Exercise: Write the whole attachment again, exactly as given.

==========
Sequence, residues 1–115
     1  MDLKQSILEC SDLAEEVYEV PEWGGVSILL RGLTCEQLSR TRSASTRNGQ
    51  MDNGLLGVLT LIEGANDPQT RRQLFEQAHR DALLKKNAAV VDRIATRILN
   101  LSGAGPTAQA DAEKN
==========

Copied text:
Sequence, residues 1–115
     1  MDLKQSILEC SDLAEEVYEV PEWGGVSILL RGLTCEQLSR TRSASTRNGQ
    51  MDNGLLGVLT LIEGANDPQT RRQLFEQAHR DALLKKNAAV VDRIATRILN
   101  LSGAGPTAQA DAEKN